December 2022
Volume 22, Issue 14
Open Access
Vision Sciences Society Annual Meeting Abstract  |   December 2022
Examining increment thresholds as a function of pedestal contrast under hypothetical parvocellular- and magnocellular-biased conditions.
Author Affiliations
  • Jaeseon Song
    University of Georgia
  • Bruno G. Breitmeyer
    University of Houston
  • Jeffrey Nightingale
    University of Georgia
  • James M. Brown
    University of Georgia
Journal of Vision December 2022, Vol.22, 3225. doi:
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      Jaeseon Song, Bruno G. Breitmeyer, Jeffrey Nightingale, James M. Brown; Examining increment thresholds as a function of pedestal contrast under hypothetical parvocellular- and magnocellular-biased conditions.. Journal of Vision 2022;22(14):3225.

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      © ARVO (1962-2015); The Authors (2016-present)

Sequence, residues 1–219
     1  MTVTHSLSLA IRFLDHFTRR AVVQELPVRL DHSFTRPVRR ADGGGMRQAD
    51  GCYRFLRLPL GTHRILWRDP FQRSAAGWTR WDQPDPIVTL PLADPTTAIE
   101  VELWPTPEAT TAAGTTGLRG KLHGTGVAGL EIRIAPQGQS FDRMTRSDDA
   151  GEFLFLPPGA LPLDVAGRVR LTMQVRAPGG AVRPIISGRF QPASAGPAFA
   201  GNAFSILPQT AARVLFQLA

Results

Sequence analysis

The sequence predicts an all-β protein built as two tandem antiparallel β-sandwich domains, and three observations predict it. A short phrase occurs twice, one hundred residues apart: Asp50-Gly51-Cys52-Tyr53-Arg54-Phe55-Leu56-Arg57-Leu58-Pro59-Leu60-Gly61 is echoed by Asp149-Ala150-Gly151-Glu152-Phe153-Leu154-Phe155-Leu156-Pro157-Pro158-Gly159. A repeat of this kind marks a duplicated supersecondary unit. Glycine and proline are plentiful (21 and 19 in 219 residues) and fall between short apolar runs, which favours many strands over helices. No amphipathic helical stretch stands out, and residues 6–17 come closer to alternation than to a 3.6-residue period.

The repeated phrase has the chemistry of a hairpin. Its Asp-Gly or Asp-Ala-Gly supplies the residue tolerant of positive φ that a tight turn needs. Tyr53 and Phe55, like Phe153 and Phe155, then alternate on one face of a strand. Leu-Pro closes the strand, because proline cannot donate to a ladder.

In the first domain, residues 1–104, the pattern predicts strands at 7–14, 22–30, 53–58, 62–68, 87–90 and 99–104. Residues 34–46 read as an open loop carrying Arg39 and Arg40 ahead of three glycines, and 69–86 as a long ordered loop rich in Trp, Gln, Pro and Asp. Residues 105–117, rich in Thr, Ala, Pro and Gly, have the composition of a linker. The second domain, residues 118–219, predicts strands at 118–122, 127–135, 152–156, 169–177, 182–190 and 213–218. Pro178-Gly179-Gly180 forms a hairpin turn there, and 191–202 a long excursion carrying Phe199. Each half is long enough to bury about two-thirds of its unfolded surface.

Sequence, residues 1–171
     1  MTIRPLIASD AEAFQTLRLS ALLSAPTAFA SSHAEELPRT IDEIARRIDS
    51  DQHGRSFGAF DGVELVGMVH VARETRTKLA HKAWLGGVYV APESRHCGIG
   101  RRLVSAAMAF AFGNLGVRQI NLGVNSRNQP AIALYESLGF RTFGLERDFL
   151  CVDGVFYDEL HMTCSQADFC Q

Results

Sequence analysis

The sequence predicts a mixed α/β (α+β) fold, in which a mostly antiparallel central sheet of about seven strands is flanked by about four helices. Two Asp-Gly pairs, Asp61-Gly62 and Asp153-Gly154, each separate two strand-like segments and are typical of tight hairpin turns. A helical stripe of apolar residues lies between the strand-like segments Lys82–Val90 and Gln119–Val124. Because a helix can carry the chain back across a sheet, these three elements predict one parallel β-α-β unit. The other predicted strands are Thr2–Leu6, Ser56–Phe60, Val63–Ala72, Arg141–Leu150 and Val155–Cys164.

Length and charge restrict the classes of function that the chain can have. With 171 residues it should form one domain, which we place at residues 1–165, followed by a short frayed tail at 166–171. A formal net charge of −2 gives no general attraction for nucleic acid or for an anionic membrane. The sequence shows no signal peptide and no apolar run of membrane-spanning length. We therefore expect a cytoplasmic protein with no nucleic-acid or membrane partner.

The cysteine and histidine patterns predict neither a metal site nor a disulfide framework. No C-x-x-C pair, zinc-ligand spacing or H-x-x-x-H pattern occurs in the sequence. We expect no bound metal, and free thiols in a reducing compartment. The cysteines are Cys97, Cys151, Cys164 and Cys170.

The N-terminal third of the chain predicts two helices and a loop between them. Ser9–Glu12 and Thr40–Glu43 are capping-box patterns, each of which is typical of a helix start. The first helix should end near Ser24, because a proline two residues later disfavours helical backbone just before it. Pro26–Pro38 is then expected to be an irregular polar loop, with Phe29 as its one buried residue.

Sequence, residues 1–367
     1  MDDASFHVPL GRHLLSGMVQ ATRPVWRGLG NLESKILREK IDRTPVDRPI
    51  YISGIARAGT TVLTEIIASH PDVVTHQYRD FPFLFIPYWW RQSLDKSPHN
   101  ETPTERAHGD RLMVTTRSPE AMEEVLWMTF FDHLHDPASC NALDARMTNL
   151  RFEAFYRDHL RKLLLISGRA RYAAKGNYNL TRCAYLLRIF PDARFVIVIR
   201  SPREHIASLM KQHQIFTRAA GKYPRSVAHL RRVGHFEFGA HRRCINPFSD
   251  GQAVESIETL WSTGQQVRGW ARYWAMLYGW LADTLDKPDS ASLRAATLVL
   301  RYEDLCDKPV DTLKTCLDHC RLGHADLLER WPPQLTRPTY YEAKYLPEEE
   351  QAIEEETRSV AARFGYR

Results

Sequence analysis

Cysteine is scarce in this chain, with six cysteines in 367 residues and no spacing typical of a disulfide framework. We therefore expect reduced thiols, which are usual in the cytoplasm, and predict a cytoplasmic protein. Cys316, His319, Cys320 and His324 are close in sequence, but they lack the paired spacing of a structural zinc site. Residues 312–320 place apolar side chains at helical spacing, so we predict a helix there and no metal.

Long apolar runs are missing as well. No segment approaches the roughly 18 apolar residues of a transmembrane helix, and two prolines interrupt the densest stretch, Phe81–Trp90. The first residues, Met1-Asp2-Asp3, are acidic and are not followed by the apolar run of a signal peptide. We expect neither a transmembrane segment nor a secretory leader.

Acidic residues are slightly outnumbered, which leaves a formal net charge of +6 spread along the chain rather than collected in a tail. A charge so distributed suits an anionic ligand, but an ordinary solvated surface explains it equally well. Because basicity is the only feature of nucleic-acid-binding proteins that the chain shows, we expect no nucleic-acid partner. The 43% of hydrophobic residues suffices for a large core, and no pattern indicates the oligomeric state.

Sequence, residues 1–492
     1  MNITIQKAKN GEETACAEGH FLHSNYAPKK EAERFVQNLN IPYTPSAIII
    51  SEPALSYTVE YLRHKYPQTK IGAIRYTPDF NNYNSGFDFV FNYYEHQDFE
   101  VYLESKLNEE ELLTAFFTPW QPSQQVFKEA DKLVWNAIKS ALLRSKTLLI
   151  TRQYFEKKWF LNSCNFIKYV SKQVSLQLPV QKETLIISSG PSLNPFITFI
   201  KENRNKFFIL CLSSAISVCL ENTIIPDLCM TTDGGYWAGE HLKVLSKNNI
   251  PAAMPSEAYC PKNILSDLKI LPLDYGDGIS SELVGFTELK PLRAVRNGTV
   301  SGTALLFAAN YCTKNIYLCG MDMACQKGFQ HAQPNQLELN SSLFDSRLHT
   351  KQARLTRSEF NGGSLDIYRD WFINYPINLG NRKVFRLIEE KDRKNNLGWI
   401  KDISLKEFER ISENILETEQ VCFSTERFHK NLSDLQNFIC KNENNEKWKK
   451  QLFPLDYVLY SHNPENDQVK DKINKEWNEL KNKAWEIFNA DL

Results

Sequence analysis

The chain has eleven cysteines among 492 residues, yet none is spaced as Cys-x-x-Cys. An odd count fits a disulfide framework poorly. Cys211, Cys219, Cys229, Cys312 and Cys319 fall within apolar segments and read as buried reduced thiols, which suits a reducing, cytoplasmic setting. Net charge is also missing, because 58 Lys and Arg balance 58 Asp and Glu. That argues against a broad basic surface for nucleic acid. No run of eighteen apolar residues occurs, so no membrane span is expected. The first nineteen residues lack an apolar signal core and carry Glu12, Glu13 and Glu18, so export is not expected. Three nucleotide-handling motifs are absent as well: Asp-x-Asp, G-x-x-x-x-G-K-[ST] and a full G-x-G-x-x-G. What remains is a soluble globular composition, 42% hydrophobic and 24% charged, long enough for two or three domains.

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We used the pulsed- and steady-pedestal technique to examine how increment thresholds (ΔC) varied with pedestal contrast (C). Theoretically, the pulsed-pedestal method tracks ΔC for the parvocellular (P) system yielding a linear ΔC vs. C function; the steady-pedestal method tracks ΔC for the magnocellular (M) system yielding a nonlinear function. The M system also a) prefers low spatial frequencies (SFs) whereas the P-system prefers higher SFs and b) the M system is suppressed by red relative to green light. Our study used a 2 (background: physically equiluminant red or green) x 2 (pedestal SF: .75 c/d or 6.0 c/d Gabor) x 2 (pedestal type: pulsed or steady) x 6 (pedestal contrast: 0-0.64) design. Hypotheses: (1) For the low SF, 0.75 c/d pedestal, a) the pulsed-pedestal method yields a linear ΔC vs. C function, whereas b) the steady-pedestal method tracking the M system yields a nonlinear function. Moreover, in the latter case, since the M system’s contrast sensitivity should be lower for the red than the green background, ΔC values are higher for the red background. (2) The 6.0 c/d pedestal yields similar results, but since this higher SF is not optimal for the M system, the effects of pulsed vs steady pedestals and of red vs green backgrounds are attenuated, if not eliminated. Results unexpectedly showed the P models fit better than the M models across all experimental conditions, except for one. Linear functions fitted even better than the P models. The linearity of the ΔC vs. C functions across these experimental conditions indicates that the P-channels were predominant throughout. These findings question the general validity of the pulsed- vs steady-pedestal method as differentiating the P from M system and explain the lack of evidence of red-light suppression of the M system.


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